15-30’ commitment key to reduced wait times

Added personnel, equipment speed patient flow

"Dramatically reduced emergency department waiting times" was one of the major reasons cited for the awarding of this year’s Malcolm Baldrige National Quality Award to Robert Wood Johnson University Hospital (RWJ Hamilton) in Hamilton, NJ.

This recognition makes RWJ Hamilton only the fourth health care facility to ever win the prestigious award.

At the heart of the turnaround was the hospital’s "15-30" concept — a commitment to patients that they would see a triage nurse within 15 minutes of entering the ED, and a physician within 30 minutes, or the ED would absorb the treatment fee.

In tracking its performance, the ED at RWJ Hamilton finds it is meeting its target more than 98% of the time.

The "15-30" concept was pioneered by the RWJ facility in New Brunswick, NJ, recalls Debbie Cardello, the COO at RWJ Hamilton, but her facility had to implement its own targeted initiatives to make it successful there.

"We began considering it in 1998," she notes. "We took a similar approach [to RWJ New Brunswick], but we had lots to do to accomplish it since we were paying so much attention to throughput."

An interdisciplinary team was assembled, which included the medical director of the ED, Al Rodriguez, MD; the administrative director; the lab; X-ray; admissions; finance; and administration.

"We knew we would need them all to support the effort to improve throughput," Cardello explains.

The first step was to increase the number of telemetry beds, so patients could get through more quickly.

"We initially added 20, and ultimately 32, which has doubled our total," she notes.

Staffing also was increased. "We added a 24-hour triage nurse, and [we] added another physician for peak hours and a separate one for fast track, which we call Prompt Care," Cardello reports. "We also added a greeter, and one bedside registrar per shift."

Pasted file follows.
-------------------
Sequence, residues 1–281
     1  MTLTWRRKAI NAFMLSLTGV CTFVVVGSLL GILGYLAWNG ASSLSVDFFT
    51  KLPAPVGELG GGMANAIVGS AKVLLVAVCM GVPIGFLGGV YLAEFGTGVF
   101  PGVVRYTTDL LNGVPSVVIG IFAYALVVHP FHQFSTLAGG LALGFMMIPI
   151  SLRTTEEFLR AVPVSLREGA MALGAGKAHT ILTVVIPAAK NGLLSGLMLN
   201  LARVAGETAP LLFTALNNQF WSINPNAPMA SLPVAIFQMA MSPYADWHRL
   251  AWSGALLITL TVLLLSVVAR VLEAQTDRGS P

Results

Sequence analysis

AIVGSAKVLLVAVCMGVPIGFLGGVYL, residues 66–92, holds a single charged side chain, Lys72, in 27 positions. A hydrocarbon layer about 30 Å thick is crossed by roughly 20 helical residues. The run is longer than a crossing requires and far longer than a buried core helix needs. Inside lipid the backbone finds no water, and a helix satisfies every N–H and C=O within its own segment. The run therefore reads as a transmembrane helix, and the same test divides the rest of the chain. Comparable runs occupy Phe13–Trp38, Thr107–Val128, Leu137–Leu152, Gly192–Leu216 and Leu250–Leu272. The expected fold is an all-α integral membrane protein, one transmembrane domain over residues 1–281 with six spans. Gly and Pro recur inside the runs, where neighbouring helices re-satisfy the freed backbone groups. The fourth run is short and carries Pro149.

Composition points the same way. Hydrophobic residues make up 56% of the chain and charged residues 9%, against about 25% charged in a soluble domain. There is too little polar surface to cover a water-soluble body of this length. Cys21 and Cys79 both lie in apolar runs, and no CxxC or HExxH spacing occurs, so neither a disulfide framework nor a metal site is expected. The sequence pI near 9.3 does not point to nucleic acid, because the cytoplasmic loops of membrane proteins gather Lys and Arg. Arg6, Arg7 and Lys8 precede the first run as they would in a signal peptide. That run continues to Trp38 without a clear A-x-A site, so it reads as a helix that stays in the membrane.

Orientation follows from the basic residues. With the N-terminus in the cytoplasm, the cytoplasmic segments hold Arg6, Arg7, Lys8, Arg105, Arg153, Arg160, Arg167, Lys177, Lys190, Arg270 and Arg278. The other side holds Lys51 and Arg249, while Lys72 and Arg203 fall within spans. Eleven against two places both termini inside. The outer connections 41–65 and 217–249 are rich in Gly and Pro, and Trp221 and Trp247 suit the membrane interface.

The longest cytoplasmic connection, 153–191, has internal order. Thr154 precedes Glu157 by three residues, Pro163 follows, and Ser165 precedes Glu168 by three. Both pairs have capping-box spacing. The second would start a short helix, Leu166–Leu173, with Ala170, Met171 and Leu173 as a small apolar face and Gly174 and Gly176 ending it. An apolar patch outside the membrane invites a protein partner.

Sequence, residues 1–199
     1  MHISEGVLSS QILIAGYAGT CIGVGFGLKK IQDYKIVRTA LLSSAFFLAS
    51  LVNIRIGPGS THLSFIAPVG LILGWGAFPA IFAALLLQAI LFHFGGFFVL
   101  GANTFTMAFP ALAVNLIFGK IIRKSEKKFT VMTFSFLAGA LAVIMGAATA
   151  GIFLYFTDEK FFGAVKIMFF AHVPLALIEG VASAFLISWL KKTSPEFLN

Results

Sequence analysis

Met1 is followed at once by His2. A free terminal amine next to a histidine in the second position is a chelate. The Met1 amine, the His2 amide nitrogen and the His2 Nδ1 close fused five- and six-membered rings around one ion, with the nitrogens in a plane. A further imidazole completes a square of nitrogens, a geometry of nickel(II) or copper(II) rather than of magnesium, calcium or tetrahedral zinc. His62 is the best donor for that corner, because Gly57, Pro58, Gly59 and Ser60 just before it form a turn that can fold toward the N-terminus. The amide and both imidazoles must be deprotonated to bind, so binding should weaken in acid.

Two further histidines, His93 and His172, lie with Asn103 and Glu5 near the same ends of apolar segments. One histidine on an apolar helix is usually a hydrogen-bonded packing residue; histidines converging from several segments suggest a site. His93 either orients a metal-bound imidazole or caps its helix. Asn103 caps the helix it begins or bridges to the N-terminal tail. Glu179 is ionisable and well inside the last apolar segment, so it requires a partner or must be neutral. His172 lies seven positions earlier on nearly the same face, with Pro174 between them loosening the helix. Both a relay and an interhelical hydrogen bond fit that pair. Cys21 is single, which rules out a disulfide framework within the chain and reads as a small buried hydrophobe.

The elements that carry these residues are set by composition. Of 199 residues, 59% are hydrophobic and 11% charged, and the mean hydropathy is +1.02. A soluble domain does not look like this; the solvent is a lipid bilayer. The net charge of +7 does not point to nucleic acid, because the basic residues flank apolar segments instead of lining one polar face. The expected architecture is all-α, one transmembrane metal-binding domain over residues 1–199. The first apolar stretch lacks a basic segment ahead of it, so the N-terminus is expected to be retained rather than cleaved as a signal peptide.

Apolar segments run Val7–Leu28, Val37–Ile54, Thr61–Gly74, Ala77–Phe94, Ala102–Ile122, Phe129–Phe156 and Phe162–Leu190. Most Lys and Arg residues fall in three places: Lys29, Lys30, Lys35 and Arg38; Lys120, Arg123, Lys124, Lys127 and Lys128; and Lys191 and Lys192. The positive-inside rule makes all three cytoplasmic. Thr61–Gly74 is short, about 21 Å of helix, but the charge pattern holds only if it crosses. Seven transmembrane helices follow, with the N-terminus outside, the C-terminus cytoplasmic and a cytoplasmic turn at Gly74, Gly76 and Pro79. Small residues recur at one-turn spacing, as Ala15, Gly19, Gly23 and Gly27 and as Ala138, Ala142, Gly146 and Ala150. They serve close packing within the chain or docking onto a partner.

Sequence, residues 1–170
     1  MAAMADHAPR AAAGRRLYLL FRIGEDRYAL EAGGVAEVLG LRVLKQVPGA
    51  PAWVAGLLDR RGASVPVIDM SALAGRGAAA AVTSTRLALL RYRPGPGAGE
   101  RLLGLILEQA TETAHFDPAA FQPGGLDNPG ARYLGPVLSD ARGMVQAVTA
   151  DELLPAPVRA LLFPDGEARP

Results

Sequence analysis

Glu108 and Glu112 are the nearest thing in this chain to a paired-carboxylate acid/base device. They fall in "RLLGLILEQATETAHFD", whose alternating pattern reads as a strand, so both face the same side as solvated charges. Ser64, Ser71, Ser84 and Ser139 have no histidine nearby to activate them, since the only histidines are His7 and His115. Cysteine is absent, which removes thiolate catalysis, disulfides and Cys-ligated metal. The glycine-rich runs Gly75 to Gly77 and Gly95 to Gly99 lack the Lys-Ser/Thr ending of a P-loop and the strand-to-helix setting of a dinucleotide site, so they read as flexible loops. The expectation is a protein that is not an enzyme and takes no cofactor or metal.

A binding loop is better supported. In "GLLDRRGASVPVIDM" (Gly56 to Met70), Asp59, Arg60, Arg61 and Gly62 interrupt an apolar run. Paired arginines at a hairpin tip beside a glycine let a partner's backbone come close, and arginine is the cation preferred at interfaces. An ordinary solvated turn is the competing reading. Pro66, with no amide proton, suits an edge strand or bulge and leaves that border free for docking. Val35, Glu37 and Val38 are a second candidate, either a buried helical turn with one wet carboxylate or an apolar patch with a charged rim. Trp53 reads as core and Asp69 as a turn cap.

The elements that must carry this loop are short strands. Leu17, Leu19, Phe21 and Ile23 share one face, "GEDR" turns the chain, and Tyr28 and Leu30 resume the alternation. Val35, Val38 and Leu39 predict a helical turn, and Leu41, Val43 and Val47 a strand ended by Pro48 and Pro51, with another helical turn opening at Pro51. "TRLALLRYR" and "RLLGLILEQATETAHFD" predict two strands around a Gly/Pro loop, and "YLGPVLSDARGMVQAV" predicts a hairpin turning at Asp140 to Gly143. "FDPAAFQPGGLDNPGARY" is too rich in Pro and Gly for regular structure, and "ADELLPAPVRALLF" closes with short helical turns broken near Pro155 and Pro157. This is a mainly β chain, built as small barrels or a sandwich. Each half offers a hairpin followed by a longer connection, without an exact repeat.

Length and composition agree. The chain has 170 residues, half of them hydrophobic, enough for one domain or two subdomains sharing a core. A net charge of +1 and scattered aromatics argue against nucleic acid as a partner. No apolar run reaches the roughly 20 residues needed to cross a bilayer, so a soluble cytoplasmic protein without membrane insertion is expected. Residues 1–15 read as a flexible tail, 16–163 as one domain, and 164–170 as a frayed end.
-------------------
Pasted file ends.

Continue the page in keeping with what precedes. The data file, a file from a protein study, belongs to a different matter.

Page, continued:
In addition, she notes, a pneumatic tube system was installed to expedite receipt of lab results.

Create a rapid-admit team and unit

While a number of changes were made at the outset, the overall improvement in patient flow also depends on constant reevaluation and new initiatives, explains Debbie Baehser, vice president of patient care services.

"Over the years, we have developed more initiatives to support the program," she notes. "Because our volume has increased so dramatically, the numbers change all the time."

One of the initiatives added later was the development of a rapid-admit team, which is a nursing staff to support the inpatient unit. "This helps us treat patients more quickly in the ED and get them to [inpatient] beds," Baehser explains.

Members of the rapid-admit team go to the nursing unit where the patient is admitted and complete all paperwork.

The team began with one additional RN per shift, and now a second RN has been added during the peak hours of 11 a.m. and 11 p.m. "It has been very beneficial," she says.

Also, about a year ago, an admissions unit was started, which is a six-bed unit that helps to pull patients out of the ED, where quick treatment can be initiated. "These patients are there for four hours or so, and then sent to an inpatient unit," Baehser explains.

While initially one triage nurse was added, there are now two additional nurses during peak hours. "We also trialed having a physician in triage this summer, and it greatly helped decrease wait times," she says.

Then, in December, the hospital authorized the institution of computerized physician order entry, which will enable physicians to enter their own orders in a more timely manner.

A multidisciplinary team continually monitors ED processes, as well as those in other areas of the hospital that affect the ED. The team includes the nursing director, the ED medical director, Cardello, Baehser, plus ancillary and inpatient units.

"We monitor inpatient units as well as the ED, because they dramatically impact [flow in] the ED," explains Baehser, adding that the hospital uses a color-coded chart (green, yellow, red) that indicates the status of the ED, and specific interventions other departments can institute to help return the ED to "green" status if it is in yellow or red.

In evaluating the impact of all these initiatives, RWJ Hamilton decided against simply calculating "before" and "after" average wait times, Cardello says.

"We started to monitor our progress and found that a more comprehensive look would be helpful," she explains. "So, we’ve tracked the number of refunds we give — which have been very low, under 1% or 2% — rather than measuring timeliness per se," Cardello continues.

In addition, the department has found that its left-without-being-seen numbers are lower than 2%, "which is really a best practice across the nation," she adds. The hospital also keeps track of patient satisfaction.

These days, Cardello notes, "very few people are registering complaints."

Sources

For information on improved ED wait times, contact:

  • Debbie Baehser, Vice President, Patient Care Services, Robert Wood Johnson University Hospital Hamilton, One Hamilton Health Place, Hamilton, NJ 08690. Phone: (609) 586-7900.
  • Debbie Cardello, Chief Operating Officer, Robert Wood Johnson University Hospital Hamilton, One Hamilton Health Place, Hamilton, NJ 08690. Phone: (609) 586-7900.